The worlds of search and text mining are moving closer together and creating a new market sector as a result. And law offices — among other sectors — are reaping the benefits.
Search applications act as signposts to a link in a website or to a document on a server in answer to a person's query — conceptually simple and of great utility.
Text mining analyzes collections of documents, identifying relationships between terms in order to extract topics. Everything from sentiment analysis to looking for new drug pathways uses this approach.
The core difference between the two is with search, people work within documents on a much smaller scale than the hundreds of thousands typically analyzed in text mining.
Avoiding 'Error Through Boredom'
The legal profession, and other sectors, need to identify differences between multiple, lengthy documents on a regular basis. This can be to check through the history of version management or to support a due diligence process ahead of an acquisition.
Unless you work in law or procurement, it's hard to appreciate the scale of contract documents. Many court cases involve the presentation of thousands of documents. Sifting through these manually is not only time consuming but prone to “error through boredom” as a colleague of mine once described the process.
Microsoft Word and other word processing applications have offered document comparison for many years, but only with two documents at the same time. This feature, of all the Word features, is the one I find most frustrating: It is so easy to lose track of the process.
Using a search-based application speeds up the process considerably. Many vendors offer applications that work across multiple documents, in multiple formats, completing the analysis and displaying an exception report within seconds. These applications are often SaaS products which are available for free trials. DocsCorp offers a concise checklist of what to look for in these products.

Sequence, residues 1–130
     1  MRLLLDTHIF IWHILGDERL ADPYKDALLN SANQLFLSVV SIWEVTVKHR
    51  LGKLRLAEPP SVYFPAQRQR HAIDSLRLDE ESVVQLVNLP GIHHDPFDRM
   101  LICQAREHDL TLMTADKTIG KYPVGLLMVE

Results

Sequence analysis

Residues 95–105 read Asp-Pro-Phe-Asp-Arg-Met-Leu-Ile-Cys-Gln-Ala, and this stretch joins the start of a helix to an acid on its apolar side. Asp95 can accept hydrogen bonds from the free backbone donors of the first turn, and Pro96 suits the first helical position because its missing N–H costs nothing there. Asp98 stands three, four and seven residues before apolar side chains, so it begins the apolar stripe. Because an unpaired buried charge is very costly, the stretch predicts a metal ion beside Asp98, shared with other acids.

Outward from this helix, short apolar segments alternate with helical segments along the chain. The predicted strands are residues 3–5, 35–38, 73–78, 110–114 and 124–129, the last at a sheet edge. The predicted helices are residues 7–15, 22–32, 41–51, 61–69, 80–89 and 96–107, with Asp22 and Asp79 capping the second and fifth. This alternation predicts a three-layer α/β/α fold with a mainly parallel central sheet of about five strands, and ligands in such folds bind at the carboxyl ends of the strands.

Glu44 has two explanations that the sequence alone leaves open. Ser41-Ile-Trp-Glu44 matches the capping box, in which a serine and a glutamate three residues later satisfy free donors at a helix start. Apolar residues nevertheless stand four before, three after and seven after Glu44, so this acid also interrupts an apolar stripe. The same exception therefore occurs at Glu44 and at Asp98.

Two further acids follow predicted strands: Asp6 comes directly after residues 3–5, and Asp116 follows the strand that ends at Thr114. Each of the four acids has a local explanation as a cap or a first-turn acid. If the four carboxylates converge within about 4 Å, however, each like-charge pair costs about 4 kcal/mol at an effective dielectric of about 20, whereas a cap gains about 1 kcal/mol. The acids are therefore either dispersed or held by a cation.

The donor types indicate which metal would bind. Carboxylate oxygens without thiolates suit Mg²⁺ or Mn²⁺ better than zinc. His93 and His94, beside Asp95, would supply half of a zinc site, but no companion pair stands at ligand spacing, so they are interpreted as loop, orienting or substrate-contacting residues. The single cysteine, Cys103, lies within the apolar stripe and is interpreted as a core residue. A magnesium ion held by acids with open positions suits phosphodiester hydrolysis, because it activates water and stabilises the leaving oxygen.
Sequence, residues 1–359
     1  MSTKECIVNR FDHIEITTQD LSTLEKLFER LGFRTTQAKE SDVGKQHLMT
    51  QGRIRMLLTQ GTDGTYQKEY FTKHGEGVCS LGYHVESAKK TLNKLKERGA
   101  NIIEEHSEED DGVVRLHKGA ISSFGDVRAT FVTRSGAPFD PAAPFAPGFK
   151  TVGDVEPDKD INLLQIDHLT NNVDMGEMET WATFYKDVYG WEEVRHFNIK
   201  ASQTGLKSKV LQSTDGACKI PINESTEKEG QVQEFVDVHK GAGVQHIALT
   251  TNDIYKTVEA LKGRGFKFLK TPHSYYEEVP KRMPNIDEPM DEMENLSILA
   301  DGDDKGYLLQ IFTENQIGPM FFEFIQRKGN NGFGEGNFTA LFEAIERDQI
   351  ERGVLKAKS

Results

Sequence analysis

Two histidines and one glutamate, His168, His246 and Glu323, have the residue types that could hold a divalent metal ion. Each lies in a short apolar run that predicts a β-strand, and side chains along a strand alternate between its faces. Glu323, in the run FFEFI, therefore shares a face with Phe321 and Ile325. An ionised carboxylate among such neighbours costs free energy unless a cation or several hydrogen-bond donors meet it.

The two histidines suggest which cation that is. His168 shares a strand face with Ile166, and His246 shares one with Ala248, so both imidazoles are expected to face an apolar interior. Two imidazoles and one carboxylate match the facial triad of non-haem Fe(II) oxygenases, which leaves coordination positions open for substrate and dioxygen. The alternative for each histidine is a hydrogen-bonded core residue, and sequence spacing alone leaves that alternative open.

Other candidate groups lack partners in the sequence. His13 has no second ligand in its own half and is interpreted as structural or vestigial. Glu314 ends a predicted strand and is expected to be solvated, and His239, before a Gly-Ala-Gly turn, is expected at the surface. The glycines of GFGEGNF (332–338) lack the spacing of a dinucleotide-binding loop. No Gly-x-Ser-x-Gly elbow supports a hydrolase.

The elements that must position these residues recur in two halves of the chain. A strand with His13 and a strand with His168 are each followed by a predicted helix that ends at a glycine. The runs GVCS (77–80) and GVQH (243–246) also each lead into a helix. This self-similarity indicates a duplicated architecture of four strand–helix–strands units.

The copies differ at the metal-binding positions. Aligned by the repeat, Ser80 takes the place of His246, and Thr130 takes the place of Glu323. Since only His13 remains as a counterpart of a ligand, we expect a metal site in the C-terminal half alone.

Beyond Document Comparison to Document Analytics
In the early days of computer-based searching, KeyWord in Context (KWIC) indexes presented the titles of research papers with the query keyword aligned in the center of the page, so the reader could assess the position and implication of the keyword.
Search results today take this a step further, highlighting all occurrences of a word in a document. You've likely seen these results in Google Book Search, but the content is locked down which prevents further queries. A number of vendors now offer search applications which deconstruct the document and present (at the choice of the user) the query terms in a sentence, paragraph or page.
A good example of this approach comes from Nalytics, which indexed the manifestos of the political parties contesting the June 8, 2017 UK Election and processed them so that a search for [pensions] presents all occurrences of the term on a sentence by sentence basis. Nalytics takes this approach further into what is, in effect, a document workplace, where people can add comments and share the content, supporting collaborative document review and analysis.
'Ravn' Spreads its Wings
The inspiration for this article came from the news that document management application provider iManage acquired Raven Systems. iManage boasts many customers in the legal business and Ravn has been in the vanguard of using artificial intelligence and machine learning to provide document-level analytics.
The press release from Ravn about the acquisition includes some interesting case studies, including the UK Serious Fraud Office, which used Ravn to process 30 million documents at the rate of 600,000 a day. While there's definite overlap between this area and e-discovery, e-discovery applications don't share the same tight focus on this type of document-level analysis as companies like Nalytics and Ravn.
Innovation in the Legal Sector
Both law firms and corporate law departments have shown considerable interest in investing in technology that can improve margins and their competitive advantage.
The April 2017 issue of Legal IT Insider lists 40 start-ups in this burgeoning sector and Joanna Goodman’s book Robots in Law is well worth reading for its analysis of the role of AI in law. Having worked inside two major law firms in the last few years, I sense there is at last an appreciation of how search technology can make a difference.
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